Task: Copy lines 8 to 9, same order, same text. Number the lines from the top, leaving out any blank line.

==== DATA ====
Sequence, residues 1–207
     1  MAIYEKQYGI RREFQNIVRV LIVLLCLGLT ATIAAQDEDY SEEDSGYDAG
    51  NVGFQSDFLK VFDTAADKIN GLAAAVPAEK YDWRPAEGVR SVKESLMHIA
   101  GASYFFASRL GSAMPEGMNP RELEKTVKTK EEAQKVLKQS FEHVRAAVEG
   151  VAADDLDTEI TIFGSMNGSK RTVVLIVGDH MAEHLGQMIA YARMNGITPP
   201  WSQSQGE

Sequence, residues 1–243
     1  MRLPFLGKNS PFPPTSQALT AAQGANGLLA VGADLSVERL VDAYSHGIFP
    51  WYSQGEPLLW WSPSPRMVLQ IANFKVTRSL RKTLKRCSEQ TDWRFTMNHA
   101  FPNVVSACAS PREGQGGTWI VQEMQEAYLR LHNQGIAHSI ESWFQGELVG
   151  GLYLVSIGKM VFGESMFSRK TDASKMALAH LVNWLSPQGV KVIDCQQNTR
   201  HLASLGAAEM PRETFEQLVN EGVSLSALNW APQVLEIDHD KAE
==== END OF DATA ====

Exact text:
     1  MRLPFLGKNS PFPPTSQALT AAQGANGLLA VGADLSVERL VDAYSHGIFP
    51  WYSQGEPLLW WSPSPRMVLQ IANFKVTRSL RKTLKRCSEQ TDWRFTMNHA